Health Assessment Journal

In the December 2007 issue of Nursing Standards, Hilary Lloyd and Stephen Craig explain the process and importance of taking a full and comprehensive patient health history in the article, “A guide to taking a patient’s history”. General principles, tools and strategies are outlined in this article to assist the nurse when performing a health history assessment for a patient in any setting. Summary of the Article According to Lloyd and Craig, taking a patient history is the most important aspect of patient assessment because information from the history is essential in guiding the treatment and management of the patient (p. 8).

In this article, these two authors provide the reader with an easy to follow guide to professionally collect accurate patient information from the generalized public that is organized and prioritized through a systemic approach. The first step of this systemic process is preparing a professional, safe and private environment that is free from distractions so the patient feels comfortable disclosing confidential information to the nurse. “The nurse should be able to gather information in a systemic, sensitive and professional manner. Good communication skills are essential. ” (Lloyd & Craig, 2007).

Introducing yourself, using active listening, avoiding jargon, maintaining eye contact and holding an interested posture are examples of good communication skills. “It is important to use appropriate questioning techniques to ensure nothing is missed when taking a patient history. ” (Lloyd & Craig, 2007). Begin the assessment process by using open questioning to discuss the presenting complaint to gather information. Then clarify this information with closed questions by focusing on cardinal symptoms. According to Lloyd and Craig, it is important to concentrate on symptoms and not on diagnosis to ensure that no information s missed (p. 44). After the presenting complaint is addressed the assessment continues to past medical history to provide essential background information, mental health history, medication history, family history, social history, sexual history, and occupational history.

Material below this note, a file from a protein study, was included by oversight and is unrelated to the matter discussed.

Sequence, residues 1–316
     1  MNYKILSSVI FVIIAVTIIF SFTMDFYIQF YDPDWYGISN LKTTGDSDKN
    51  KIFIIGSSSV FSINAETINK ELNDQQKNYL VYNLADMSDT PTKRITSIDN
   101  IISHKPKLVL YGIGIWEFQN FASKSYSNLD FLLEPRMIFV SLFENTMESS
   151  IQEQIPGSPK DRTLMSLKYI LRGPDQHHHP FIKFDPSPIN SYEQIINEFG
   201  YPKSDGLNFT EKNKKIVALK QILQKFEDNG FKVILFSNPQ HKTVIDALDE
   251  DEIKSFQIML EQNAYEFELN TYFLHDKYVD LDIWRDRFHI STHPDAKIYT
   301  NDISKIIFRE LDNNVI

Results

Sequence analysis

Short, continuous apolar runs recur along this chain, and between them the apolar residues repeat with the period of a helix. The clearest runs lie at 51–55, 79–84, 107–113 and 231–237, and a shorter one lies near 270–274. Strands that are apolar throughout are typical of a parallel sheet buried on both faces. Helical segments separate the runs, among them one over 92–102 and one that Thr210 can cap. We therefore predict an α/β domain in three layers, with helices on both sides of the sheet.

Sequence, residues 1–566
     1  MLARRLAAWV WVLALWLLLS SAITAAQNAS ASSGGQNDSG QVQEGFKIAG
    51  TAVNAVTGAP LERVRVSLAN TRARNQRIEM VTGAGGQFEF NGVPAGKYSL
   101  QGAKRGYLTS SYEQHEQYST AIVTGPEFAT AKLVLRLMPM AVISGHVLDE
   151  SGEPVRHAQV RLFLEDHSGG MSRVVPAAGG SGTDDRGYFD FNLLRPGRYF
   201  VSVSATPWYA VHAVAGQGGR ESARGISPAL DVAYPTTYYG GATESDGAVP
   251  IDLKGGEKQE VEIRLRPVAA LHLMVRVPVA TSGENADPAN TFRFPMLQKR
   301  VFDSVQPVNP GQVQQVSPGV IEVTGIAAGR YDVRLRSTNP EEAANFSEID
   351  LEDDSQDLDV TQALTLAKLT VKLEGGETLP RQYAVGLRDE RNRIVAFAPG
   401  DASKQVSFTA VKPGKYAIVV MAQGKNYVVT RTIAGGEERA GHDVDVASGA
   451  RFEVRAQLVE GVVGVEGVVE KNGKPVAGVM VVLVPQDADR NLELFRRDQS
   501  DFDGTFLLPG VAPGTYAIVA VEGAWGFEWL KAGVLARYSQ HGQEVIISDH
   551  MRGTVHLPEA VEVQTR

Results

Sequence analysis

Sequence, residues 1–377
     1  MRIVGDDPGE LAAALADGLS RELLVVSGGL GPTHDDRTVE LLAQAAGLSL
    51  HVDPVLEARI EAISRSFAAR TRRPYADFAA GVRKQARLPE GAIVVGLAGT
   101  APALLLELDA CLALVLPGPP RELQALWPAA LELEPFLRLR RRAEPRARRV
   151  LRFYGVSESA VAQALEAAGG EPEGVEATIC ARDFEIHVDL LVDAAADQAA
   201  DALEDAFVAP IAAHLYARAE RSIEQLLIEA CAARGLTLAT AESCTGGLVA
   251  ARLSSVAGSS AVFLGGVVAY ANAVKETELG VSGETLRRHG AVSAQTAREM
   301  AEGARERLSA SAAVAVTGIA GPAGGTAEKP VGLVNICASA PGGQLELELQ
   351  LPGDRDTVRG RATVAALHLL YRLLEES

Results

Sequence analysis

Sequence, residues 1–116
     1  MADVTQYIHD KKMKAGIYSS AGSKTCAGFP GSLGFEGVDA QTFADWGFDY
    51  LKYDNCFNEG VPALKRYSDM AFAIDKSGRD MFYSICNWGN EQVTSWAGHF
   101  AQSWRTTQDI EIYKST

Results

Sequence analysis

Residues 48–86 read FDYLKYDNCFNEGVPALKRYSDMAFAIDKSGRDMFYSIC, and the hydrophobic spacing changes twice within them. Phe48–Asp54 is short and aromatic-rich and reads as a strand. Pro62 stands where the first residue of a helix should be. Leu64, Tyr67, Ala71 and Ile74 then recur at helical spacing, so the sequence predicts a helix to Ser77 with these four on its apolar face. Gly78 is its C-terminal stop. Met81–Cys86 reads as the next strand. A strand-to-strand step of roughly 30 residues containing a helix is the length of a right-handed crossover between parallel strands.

“The final part of history taking involves performing a systemic enquiry by asking questions about the other body systems not discussed in the presenting complaint. The purpose of this is to check that no information has been omitted. ” (Lloyd & Craig, 2007). Evaluation of the Article A guide to taking a patient’s history” is easy to follow because this article is well organized, the process is explained clearly and rationales are provided to educate the reader. Having the answer to the question why makes it easier to adopt this assessment approach in one’s practice. Allowing sufficient time to complete the history, using the patient’s own words and performing systemic enquiries that focus on cardinal symptoms are identified points of interest and strategies that will be adopted to enhance the accuracy, safety and professionalism of my practice.

Elderly patients, children and adults with lower educational levels can benefit from this assessment strategy because they may be unfamiliar with medical jargon such as diagnoses, symptoms and medication names. Using patient friendly terms assists the nurse in collecting more information from the patient because these common words are easier for the patient to understand and relate to their body systems. More time may be needed when performing a health history assessment with an elderly patient due to age related sensory deficits.

More research should be done regarding this type of assessment approach because many times crucial information is omitted due to lack of time, distracting environment, and the nurse’s lack of assessment skills. This assessment procedure could be improved by including an assessment of the patient’s learning preferences, educational level, language spoken and ability to read. A part of delivering patient centered care is educating the patient so they understand their health plan and be knowledgeable about their disease process so they are able to manage their own health at home.

Conclusion “Information from the history is essential in guiding the treatment and management of a patient. ” (Lloyd & Craig, 2007). This is why it is important to gather accurate information by using an organized systemic approach. By preparing the environment, using good communication skills and focusing on order, cardinal symptoms and clarifying answers the nurse is able to deliver safe, professional, patient centered care.

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